Universities – a third of which will charge the maximum £9,000 for all their undergraduate courses in 2015-16 – have argued that £9,000 does not cover the real costs of teaching and lobbied for the cap to increase in line with inflation.
A study by accountants KPMG for the Higher Education Funding Council for England, published on 19 December, looked at the costs of postgraduate provision in order to “inform future policy decisions” on postgraduate study.
George Osborne, the chancellor, announced in this month’s Autumn Statement that income-contingent loans of up to £10,000 would be offered to students under 30 on taught postgraduate courses.
The Hefce study also collected figures on undergraduate costs from 17 universities, ranging from Russell Group institutions such as the universities of Birmingham and Manchester to post-1992 institutions such as the universities of Sunderland and the West of England.
The average undergraduate costs in individual subjects ranged from law (£5,539) and sociology (£5,581) at the bottom end to mineral, metallurgy and materials engineering (£11,078) and earth, marine and environmental sciences (£11,104) at the top end.
Clinical medicine (£12,573) and clinical dentistry (£13,965) were the most expensive undergraduate subjects.
The study collected disaggregated postgraduate taught and undergraduate costs included in universities’ annual returns for Transparent Approach to Costing (TRAC) and TRAC-T (the methodology for costing the teaching element).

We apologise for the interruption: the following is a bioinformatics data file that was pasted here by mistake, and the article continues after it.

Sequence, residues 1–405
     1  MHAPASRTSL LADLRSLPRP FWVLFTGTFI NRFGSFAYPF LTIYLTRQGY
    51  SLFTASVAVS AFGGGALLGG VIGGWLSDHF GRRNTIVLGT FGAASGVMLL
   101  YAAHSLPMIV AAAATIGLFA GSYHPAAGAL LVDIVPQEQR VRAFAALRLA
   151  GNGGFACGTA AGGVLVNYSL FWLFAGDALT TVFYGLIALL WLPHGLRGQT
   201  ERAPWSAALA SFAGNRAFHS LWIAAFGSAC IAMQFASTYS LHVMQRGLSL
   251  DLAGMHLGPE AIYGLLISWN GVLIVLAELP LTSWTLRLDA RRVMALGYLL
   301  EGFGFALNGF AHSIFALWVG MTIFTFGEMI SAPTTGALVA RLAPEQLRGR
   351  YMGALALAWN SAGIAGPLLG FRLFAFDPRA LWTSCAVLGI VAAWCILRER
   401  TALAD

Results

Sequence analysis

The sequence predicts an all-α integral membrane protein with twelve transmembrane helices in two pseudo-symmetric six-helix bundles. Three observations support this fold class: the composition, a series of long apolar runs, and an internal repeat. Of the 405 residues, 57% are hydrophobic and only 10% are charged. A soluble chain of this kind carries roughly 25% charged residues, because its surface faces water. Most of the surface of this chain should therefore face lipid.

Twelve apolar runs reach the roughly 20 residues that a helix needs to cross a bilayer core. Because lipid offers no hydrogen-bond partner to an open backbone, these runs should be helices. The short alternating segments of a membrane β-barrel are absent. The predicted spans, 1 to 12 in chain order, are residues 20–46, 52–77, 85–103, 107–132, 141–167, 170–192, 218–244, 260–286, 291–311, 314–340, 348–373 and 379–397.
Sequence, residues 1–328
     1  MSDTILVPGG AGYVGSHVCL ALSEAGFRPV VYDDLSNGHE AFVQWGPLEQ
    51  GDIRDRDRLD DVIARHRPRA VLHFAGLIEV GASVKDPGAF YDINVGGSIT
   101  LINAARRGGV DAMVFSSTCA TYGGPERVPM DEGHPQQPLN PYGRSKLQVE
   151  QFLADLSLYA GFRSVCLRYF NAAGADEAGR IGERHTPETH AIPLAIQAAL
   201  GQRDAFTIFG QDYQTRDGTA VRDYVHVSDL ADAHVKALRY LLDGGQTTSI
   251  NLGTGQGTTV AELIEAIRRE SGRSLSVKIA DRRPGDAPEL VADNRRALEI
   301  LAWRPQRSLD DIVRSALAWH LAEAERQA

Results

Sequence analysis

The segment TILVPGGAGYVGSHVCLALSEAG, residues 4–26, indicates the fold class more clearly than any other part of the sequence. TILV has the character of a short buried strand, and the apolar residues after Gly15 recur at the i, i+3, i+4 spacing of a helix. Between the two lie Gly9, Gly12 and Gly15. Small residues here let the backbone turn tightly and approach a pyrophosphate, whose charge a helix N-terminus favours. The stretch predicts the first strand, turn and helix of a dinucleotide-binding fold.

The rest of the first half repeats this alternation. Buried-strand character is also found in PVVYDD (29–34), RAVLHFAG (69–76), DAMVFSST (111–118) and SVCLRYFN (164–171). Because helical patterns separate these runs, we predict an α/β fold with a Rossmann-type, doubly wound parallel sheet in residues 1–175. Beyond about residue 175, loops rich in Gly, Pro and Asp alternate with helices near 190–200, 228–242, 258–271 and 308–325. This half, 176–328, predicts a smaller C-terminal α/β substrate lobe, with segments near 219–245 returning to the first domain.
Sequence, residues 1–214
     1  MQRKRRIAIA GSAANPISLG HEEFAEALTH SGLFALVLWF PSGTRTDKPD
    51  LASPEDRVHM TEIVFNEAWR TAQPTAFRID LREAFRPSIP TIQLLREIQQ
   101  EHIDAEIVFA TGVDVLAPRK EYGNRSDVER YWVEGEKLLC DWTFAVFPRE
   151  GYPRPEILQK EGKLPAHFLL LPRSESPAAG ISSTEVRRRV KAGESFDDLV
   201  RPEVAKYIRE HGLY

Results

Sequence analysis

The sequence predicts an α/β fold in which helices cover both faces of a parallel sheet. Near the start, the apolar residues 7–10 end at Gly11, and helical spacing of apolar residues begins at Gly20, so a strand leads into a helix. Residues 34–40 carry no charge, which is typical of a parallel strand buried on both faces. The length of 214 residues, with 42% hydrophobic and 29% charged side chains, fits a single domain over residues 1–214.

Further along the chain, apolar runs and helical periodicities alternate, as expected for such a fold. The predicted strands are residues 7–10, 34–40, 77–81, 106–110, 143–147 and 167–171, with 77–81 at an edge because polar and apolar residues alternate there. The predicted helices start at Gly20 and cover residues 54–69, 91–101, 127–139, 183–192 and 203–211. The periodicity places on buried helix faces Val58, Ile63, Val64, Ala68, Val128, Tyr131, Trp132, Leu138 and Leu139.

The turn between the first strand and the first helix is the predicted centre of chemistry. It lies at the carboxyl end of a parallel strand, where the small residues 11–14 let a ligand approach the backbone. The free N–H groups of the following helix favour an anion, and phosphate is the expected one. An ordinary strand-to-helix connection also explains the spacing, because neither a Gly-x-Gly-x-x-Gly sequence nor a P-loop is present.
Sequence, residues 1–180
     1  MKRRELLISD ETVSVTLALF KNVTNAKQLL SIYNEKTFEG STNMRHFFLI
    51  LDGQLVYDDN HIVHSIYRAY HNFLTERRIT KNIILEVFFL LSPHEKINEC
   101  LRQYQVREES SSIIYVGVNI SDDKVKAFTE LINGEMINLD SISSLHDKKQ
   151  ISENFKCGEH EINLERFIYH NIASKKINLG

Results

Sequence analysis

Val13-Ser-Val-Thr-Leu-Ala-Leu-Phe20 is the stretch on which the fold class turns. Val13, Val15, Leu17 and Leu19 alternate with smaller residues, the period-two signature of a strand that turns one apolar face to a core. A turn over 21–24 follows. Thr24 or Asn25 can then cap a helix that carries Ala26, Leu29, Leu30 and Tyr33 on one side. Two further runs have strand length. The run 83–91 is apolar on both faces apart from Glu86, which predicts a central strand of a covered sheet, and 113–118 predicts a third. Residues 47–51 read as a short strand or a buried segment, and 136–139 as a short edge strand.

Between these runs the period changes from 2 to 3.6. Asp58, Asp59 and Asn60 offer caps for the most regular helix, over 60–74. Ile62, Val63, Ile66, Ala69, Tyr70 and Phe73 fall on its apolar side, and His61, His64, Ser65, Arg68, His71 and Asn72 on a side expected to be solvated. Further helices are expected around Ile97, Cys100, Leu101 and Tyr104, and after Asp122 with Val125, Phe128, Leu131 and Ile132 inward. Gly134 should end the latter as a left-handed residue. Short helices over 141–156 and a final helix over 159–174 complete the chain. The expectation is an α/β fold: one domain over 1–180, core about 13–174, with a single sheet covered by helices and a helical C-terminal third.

The 17 universities involved supplied data on undergraduate and postgraduate costs, while an additional five postgraduate-only institutions supplied data on postgraduate costs.
Based on this sample “the cost of teaching a Hefce-fundable postgraduate [full-time equivalent] FTE student is £11,315”, the study says. “The cost of teaching a Hefce-fundable undergraduate FTE student for the same HEIs is £7,694. Therefore, according to the data in this study, the cost of teaching postgraduate students is 1.47 times (47 per cent) higher than undergraduate teaching.”
Data in the study indicates that “staff cost of postgraduate teaching is more than twice the staff costs at undergraduate level”, it says. Anecdotal evidence from institutions suggests that postgraduate class sizes are smaller and “more experienced and expensive teaching staff” are required to teach the courses, the study adds.